Foie star? Gourmey looks to bring cell-based foie gras to Asia by promoting ethics and pricing

By Pearly Neo

- Last updated on GMT

France’s first cultured meat firm Gourmey is looking to bring the country’s traditional duck liver delicacy foie gras to Asia. ©Gourmey
France’s first cultured meat firm Gourmey is looking to bring the country’s traditional duck liver delicacy foie gras to Asia. ©Gourmey

Related tags cell-based meat Foie gras Asia Poultry

France’s first cultured meat firm Gourmey is looking to bring the country’s traditional duck liver delicacy foie gras to Asia, believing that its animal cruelty-free production technology and competitive prices compared to traditional foie gras will enable it to appeal to local consumers.

Gourmey was only founded last year in Paris, with a team of now-13 people working on reinventing foie gras, a traditional French delicacy that has faced increasing challenges in the face of widespread bans and discontent consumers after it was revealed that ducks/geese were force-fed in order to produce the fatty livers making this.

Globally, 17 countries have already prohibited the production of foie gras for ethical concerns around force-feeding, and few months ago, one of the world’s most prominent food delicacy capitals New York passed legislation prohibiting its consumption, a move that had already been taken in California and India.

“[Foie gras] is a US$2bn market facing an existential crisis,”​ Gourmey CEO and Co-Counder Nicolas Morin-Forest told FoodNavigator-Asia​, adding that over 1,000 restaurants are expected to be affected by New York’s recent ban.

“Even in France, our love story with foie gras is turning cold with 75% of French consumers now uncomfortable with the way the delicacy is produced and seeking a replacement. The need for an alternative is hence booming. It’s time to untangle foie gras and meat in general from controversy and climate change.”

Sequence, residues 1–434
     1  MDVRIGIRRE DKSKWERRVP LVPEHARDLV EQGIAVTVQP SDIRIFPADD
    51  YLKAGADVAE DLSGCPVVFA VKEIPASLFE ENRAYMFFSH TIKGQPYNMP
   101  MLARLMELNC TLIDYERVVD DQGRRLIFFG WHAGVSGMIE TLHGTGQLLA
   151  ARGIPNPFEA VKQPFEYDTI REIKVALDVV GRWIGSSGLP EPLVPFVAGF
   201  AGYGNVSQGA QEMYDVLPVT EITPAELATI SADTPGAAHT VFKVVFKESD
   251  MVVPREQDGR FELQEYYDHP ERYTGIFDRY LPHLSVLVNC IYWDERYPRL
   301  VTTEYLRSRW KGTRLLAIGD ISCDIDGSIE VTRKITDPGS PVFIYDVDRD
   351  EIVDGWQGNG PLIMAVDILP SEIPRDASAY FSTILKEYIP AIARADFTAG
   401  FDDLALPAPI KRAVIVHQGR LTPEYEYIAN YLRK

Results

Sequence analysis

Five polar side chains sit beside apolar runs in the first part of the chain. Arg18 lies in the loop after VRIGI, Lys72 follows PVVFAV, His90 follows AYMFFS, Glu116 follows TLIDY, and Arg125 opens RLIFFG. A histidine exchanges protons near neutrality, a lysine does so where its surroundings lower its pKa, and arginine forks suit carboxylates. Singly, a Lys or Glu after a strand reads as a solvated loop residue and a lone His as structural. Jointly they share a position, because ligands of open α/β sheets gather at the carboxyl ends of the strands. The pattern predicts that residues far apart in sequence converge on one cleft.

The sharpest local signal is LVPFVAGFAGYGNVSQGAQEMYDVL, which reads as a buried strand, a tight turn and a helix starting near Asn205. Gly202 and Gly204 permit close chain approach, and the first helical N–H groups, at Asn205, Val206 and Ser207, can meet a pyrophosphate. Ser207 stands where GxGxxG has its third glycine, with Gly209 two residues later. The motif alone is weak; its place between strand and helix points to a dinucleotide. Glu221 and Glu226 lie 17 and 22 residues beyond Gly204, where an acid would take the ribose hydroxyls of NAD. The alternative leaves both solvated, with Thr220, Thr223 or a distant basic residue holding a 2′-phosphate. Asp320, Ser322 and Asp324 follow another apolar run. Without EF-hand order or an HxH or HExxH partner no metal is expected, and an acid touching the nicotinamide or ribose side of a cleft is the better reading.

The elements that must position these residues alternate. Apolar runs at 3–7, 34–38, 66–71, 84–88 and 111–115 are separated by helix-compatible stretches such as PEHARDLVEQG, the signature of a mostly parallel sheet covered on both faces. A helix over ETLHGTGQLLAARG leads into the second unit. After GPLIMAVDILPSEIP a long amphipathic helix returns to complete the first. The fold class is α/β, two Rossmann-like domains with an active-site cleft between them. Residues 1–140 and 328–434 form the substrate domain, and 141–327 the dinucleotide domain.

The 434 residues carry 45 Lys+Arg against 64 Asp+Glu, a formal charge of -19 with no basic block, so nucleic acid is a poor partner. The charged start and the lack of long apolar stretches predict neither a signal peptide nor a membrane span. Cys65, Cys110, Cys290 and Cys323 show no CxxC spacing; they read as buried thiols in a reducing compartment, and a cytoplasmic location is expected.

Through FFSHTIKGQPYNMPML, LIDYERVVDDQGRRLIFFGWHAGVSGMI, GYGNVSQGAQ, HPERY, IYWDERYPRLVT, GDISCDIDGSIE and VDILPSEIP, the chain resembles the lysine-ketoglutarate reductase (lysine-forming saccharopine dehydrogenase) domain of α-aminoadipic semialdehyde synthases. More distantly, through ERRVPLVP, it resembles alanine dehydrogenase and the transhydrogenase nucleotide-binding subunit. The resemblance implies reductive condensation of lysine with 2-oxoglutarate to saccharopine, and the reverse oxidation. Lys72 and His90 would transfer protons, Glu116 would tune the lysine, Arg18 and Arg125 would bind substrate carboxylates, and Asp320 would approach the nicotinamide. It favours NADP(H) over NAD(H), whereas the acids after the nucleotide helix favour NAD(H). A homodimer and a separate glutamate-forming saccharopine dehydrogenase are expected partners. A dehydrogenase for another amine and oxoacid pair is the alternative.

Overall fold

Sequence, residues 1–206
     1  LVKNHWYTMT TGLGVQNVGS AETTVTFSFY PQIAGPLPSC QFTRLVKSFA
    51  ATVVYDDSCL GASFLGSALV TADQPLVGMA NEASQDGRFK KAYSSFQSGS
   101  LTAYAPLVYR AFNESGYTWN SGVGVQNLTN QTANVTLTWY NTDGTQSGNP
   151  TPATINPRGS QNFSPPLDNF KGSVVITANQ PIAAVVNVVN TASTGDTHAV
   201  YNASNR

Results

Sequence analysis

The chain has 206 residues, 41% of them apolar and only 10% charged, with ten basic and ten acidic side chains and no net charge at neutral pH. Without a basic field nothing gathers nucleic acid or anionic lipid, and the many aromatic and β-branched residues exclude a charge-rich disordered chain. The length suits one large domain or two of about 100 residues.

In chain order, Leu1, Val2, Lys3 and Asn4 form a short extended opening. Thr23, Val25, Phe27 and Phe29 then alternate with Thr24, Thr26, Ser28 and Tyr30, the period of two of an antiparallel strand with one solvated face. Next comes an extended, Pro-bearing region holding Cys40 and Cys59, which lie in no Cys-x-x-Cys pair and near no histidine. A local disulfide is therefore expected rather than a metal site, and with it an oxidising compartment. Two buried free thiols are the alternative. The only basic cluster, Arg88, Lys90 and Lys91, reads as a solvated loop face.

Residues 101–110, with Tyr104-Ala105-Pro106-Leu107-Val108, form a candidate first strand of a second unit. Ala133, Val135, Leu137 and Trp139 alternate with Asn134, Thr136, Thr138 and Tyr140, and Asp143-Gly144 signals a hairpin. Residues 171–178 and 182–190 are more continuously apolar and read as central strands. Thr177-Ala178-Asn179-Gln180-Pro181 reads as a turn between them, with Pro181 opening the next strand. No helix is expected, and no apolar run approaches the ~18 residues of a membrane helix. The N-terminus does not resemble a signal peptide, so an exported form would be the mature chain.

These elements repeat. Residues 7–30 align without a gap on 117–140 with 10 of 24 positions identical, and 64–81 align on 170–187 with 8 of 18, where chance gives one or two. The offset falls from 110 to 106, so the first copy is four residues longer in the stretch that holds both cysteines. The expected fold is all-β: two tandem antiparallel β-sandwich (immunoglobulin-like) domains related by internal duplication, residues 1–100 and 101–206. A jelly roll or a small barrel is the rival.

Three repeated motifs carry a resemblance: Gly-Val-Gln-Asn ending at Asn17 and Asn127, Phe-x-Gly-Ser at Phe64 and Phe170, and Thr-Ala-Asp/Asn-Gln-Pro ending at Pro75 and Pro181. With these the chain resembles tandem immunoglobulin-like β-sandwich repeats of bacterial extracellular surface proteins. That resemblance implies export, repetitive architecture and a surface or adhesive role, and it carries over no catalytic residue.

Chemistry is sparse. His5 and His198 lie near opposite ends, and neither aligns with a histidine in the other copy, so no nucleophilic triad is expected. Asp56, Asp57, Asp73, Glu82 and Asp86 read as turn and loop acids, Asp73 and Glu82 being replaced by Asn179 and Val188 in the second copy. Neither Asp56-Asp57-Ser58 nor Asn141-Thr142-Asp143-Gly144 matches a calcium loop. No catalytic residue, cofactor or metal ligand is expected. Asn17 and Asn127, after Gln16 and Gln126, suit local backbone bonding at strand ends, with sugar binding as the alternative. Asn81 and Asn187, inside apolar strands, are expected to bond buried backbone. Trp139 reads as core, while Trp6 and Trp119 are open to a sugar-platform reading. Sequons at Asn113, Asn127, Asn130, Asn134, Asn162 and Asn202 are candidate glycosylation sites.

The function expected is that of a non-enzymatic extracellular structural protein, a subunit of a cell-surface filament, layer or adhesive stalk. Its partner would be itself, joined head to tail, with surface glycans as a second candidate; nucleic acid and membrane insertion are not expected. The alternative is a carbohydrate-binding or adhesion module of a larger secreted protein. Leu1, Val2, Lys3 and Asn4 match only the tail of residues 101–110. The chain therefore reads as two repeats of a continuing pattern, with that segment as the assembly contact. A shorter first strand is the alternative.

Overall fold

“Cultured foie gras allows us to preserve a culinary heritage and bring it forward to the 21st​ century. Foie gras needs to reinvent itself if it does not want to become a relic of the past and this is exactly what we are doing - It is our way to show that innovation and tradition can go hand in hand.”

Morin-Forest also told us that Gourmey has its eye on the Asian market not only because of the market size, but also because countries such as Singapore have shown strong interest in the cell-based meat sector.

“Singapore is a very appealing market to begin with as there is a strong appetite for gastronomy delights and food innovation in Singapore.”​ he said.

“Even more importantly for Gourmey, the country wants to take the lead in the regulation of cultured meat products as this technology is aligned with national goals of producing locally 30% of food consumed by 2030.

“The current pandemic has only strengthened the need of a more local, secure and resilient food supply chain and cultured proteins are one of the most promising answers.”

From a more macro point-of-view, the company is also looking to develop other cultured duck-related products in the future, and believes that China will be a good market to look at for this.

“The foie gras market is growing rapidly in Asia and beyond this product, China is for instance the biggest market for duck meat,”​ he said.

“We are working with duck cell lines [and looking at developing] other duck meat products down the road. Overall though, global meat demand is set to increase by 70% by 2050 and Asia will be driving most of this growth. Hence any sustainable protein company willing to have a strong positive impact on the world should be looking at the Asian market.”

Faster than most